June 12, 2008 1952-
"When my sales went up my welcome from the Turkish literary scene
From an American school in Istanbul Pamuk went on to study
architecture at Istanbul Technical University for three years. He
then enrolled on a journalism course at Istanbul University in order
to put off his military service.
Other jobs Although Pamuk’s family did not approve of his decision
to abandon his architectural studies in order to become a full-time
writer, his father did support him with ‘pocket money’ until he was
32. He also spent three years as a visiting scholar in Iowa.
Did you know?
In 1998 Pamuk refused to accept the prestigious title of "state artist"
from the Turkish government. He said that if he accepted it he could
not "look in the face of people I care about".
Critical verdict Although Pamuk started writing full-time in the
mid 1970s, he did not achieve popular success until the 1990s –
and then he swiftly became the fastest-selling author in Turkish
history. He is unusual in achieving both mass market success and
critical acclaim for his complex, post-modern novels which tackle big
themes – cultural change, identity crises, east v west, tradition v
modernity – head-on. International recognition of his work came more
recently, with the Irish Impac award in 2003, foll owed by the German
book trade Peace prize and the French Prix MÃ©dicis Ã©tranger. He was
also widely believed to have been a serious contender for the 2005
Nobel prize for literature, which went to Harold Pinter. However,
it is for his political travails that Pamuk’s name is becoming
best known outside his home country. Following remarks made during
an interview with a Swiss magazine in February 2005 concerning the
alleged genocide of Kurds and Armenians in Anatolia between 1915 and
1917, he was charged by Turkish state prosecutors with "insulting
Turkishness" – a new offence which carries a prison sentence of up
to three years as a penalty. Pamuk’s trial opened on December 16 2005
and was immediately rescheduled for February 7 2006.
Tensions over the case in Turkey are running high – Pamuk has said that
he was initially forced to flee the country because of a hate campaign
being waged against him – but there has also been an international
outcry, with Amnesty International, PEN (the worldwide association
of writers) and a collection of renowned authors (including Gabriel
GarcÃa MÃ¡rquez, John Updike, Gunter Grass and Umbert Eco) denouncing
Recommended works Pamuk is best known outside his own country for
his two most recent novels – My Name is Red (2000) and Snow (2002,
English translation 2004). The former, which won the Impac award,
is a murder mystery and love story set among the artistic intrigues
of the Islamic miniaturists of the Ottoman court in 16th-century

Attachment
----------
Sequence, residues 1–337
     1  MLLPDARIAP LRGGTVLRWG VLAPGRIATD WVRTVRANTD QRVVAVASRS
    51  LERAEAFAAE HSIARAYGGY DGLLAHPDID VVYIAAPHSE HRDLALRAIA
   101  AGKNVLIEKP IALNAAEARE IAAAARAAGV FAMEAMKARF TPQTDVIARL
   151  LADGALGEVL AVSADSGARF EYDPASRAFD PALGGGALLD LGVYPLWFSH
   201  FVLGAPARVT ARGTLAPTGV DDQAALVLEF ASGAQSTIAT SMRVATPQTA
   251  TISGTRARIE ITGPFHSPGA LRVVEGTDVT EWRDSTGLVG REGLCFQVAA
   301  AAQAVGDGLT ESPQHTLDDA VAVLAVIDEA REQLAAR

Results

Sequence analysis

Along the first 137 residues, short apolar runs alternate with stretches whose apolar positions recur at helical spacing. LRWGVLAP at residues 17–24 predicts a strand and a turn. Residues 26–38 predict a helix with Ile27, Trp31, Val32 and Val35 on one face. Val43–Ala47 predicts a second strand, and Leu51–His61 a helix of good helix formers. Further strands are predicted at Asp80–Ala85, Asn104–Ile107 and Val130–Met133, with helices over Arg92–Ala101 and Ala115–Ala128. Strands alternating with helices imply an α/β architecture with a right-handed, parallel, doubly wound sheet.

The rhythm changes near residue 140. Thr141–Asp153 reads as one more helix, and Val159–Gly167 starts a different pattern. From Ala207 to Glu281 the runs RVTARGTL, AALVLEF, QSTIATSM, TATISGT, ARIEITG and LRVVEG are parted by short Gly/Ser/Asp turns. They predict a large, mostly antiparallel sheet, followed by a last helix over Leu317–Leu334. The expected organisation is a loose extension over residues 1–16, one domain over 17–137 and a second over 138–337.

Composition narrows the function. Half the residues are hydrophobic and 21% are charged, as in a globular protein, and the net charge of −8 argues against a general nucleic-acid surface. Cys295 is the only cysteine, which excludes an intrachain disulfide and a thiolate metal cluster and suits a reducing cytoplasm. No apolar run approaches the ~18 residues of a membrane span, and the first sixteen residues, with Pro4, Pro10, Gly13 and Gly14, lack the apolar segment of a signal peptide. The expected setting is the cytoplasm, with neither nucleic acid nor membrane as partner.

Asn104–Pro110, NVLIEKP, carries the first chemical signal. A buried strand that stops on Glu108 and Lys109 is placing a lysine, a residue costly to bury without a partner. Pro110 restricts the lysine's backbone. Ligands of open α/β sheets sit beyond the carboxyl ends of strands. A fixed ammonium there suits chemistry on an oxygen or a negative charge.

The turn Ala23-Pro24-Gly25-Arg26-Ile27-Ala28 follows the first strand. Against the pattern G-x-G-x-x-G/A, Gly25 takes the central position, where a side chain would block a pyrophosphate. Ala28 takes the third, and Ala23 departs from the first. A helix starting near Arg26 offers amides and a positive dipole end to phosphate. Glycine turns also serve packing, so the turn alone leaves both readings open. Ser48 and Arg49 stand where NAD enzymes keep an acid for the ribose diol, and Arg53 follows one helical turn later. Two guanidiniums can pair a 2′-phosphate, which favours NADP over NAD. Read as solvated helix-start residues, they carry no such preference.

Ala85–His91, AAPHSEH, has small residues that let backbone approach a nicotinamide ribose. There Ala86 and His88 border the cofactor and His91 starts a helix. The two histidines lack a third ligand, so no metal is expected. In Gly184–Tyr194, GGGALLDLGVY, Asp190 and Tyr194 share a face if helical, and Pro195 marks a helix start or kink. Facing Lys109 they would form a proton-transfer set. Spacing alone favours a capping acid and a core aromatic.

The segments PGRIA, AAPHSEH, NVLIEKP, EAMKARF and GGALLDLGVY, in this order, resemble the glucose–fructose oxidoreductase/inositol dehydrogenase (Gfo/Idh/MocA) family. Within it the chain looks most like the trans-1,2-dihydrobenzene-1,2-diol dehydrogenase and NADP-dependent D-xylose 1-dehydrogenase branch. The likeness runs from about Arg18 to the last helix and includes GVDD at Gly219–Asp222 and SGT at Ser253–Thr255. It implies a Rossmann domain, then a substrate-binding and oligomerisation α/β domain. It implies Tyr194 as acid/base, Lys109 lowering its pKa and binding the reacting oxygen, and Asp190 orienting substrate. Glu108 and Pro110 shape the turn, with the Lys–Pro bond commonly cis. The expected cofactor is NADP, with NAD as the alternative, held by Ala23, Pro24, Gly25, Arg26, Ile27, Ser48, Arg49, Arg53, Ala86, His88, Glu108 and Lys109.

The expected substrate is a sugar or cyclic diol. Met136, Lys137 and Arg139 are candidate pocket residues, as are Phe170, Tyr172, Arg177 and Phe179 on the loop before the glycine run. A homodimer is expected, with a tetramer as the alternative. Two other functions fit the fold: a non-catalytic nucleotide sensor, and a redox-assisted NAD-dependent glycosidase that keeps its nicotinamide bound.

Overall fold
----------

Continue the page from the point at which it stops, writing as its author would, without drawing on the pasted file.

Istanbul. A rich and complex work narrated by a range of voices, it
explores the tension between east and west, Islam and Christianity. The
critically-acclaimed Snow, a thriller set in the 1990s that features
a poet who is caught up in a military coup, is the first of Pamuk’s
novels to tackle politics directly. While either of these would be
a reasonable introduction to Pamuk’s style and primary concerns,
new readers may be better advised to start off with The White Castle
(1985). An allegory of two doppelgangers, it is his shortest and
arguably most accessible work, but its focus on identity-swapping
introduces a key theme of Pamuk’s work.
Meanwhile, there is no better introduction to Pamuk’s own background
than Istanbul: Memories and the City, the writer’s love letter to
the city of his childhood and memoir of his early life.
Influences Pamuk acknowledges the influence of Dante on his novel
The New Life and Joyce’s Ulysses on The Black Book. John Updike
has compared Pamuk’s intellect and descriptive skill to Proust, but
writers more commonly cited as the progenitors of Pamuk’s style of
postmodern narrative trickery are Kafka, Jorge Luis Borges, Italo
Calvino, Garcia MÃ¡rquez and Salman Rushdie.
Now read on Staying within Turkey, another well-known
writer-in-translation is Yasar Kamal. Try his Mehmet, My Hawk, the
story of a boy growing up in Anatolia.
For background on the country, Lords of the Horizon: a History of the
Ottoman Empire by Jason Goodwin is worth a dip. The same author has a
novel due out, too – The Janissary Tree is described as a detective
thriller set in 19th-century Istanbul. Ranging more widely on the
fiction front, Panos Karnezis’s tale of a dissolute Greek army brigade
making their way across the Anatolian desert, The Maze, may appeal,
as may his short story collection, Little Infamies. Umberto Eco would,
of course, be a safe choice.
Readers who are attracted by Pamuk’s political stance may like to
explore the poetry of the late Nazim Hikmet, who brought modernism
to Turkish literature but was stripped of his Turkish nationality in
1959 for criticising the political system.
Adaptations In 1992 Pamuk wrote the screenplay for a film, Gizli
Yuz, which was derived from his novel Kara Kitap (published in 1990,
translated as The Black Book in 1995).
Useful links Background Â· Comprehensive website Â· Wikipedia entry
on Pamuk Â· Pamuk’s Impac award citation Â· Pamuk on Istanbul Â·
Pamuk’s letter to The New Yorker on the subject of his trial